Archive for Monday, November 24, 2008

LMH approves budget with weak economy in mind

November 24, 2008


Lawrence Memorial Hospital leaders recently approved a 2009 budget that reacts to a weakening economy.

It anticipates a profit of $8.7 million, down 25 percent compared to the $11 million projected for this year, and down 38 percent from 2007’s profit of $14 million. Rates are also going up 5 percent.

“Our revenue environment for the last two or three years has been very soft — just barely growing,” said Chuck Heath, finance committee chairman. “We operate on fixed-rate contracts with our payers, so there’s not a lot we can do to elevate and grow faster.”

Meanwhile, LMH is dealing with an increase in interest and depreciation costs associated with approximately 100,000 square feet in new construction and 35,000 square feet in renovations.

“That is a substantial and significant expansion. Our utilities are going to go way up and we haven’t captured revenue to the full extent yet,” Heath said.

“So, it’s a combination of a soft revenue environment and a new project. I guess you could cynically say, ‘Build and they will come and they are not coming yet.’ But, they will.”

LMH anticipates $159 million in revenue, up 5.7 percent over this year’s projected numbers. It also expects to earn $2.2 million in interest, down 25 percent from this year. It expects inpatient activity to increase 2.7 percent and outpatient volume to rise 4.7 percent because of new physicians and services.

The hospital is raising its rates 5 percent to offset inflation.

Expenses are expected to climb to $152 million, up 7.6 percent or $10.8 million. This includes a 23 percent increase for utilities. Maintenance fees, which includes technical support, are expected to increase 47 percent while medical and surgical supplies are predicted to cost 9 percent more.

Salaries and wages are expected to cost $53 million in 2009, slightly less than the numbers expected this year. That’s because full-time employees received a rare $500 bonus in the summer for dealing with the construction. The board approved a 3 percent raise for all employees in 2009.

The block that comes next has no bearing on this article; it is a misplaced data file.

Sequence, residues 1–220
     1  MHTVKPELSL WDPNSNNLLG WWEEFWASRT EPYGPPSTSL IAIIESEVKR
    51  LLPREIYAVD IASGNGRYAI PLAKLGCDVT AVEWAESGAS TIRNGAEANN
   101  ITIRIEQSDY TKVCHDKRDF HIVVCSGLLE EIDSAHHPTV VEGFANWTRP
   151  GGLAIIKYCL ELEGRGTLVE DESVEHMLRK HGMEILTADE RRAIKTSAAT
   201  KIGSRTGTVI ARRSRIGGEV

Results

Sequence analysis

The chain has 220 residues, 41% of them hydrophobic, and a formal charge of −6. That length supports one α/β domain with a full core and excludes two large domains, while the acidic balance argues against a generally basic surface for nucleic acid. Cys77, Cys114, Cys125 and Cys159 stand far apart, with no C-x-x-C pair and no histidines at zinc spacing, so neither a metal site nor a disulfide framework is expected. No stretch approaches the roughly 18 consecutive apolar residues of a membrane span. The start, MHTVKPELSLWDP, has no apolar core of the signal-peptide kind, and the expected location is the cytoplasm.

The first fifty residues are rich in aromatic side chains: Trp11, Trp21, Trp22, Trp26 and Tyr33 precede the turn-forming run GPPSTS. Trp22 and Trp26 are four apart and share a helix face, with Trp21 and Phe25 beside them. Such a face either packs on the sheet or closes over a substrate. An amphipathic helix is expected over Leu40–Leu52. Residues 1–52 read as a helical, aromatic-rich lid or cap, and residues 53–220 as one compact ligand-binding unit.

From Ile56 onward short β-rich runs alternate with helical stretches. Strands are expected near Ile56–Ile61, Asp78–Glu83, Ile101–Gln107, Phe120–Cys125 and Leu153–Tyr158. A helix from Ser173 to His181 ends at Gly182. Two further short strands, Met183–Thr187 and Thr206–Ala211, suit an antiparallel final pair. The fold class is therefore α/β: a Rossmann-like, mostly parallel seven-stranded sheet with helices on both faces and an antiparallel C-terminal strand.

The budget also includes contributions of $8 million for charity care and in-kind services donations, which is an increase of 19 percent.

Capital costs are predicted to rise 16.8 percent.

Total capital equipment purchases for next year are projected at $9.9 million. Major capital purchases include:

• $1.4 million for Alaris “Smart” Intravenous pumps that can integrate with the hospital’s electronic medical record system.

• $3.1 million for equipping the new surgery expansion project, which is scheduled to open in March.

• $425,000 for a digital radiology room.

Heath said the hospital is financially secure and predicts it will continue to make strides in the coming year.

“Even with the decline in our bottom line, our profit margin is still double — it’s more than double — what hospitals of our credit quality and ranking are making,” he said. “We still have ample cash to meet the overall mission of bettering health care for the community.”


Cait McKnelly 9 years, 6 months ago

There are several things I find troubling about LMH. One is in a related article about a proposed "rooftop garden". We are in very uncertain economic times where record numbers of people are going without health insurance. Is this really the time to be spending thousands of dollars on "beautifying" the hospital? There are other things in this specific article that trouble me. They are raising the rates 5% on those very people that can't afford it; the uninsured. They say they are doing so to "offset inflation". Are they in turn going to cut rates when the dollar deflates instead? Not only is that a very real possibility, in some sectors of the economy it's already happening. Just go to the local grocery store and look at the price of milk and eggs.I would also like to say that 8 million for "charity care" is a joke. LMH doesn't have charity care. If you don't have a job you qualify for Medicaid and as far as the hospital is concerned if you do have a job, even one that only makes 10$/hour, then you can make payments. Period. End of story.LMH is supposed to be a nonprofit, community hospital but all I see in this article is their concern for the bottom line. They raise rates 5% to "offset inflation" but only gave a 3% raise to their employees. If their 5% is a correct prediction then in the end their employees are going to take a 2% pay cut just for the privilege of working there.Good going LMH. (/sarcasm)

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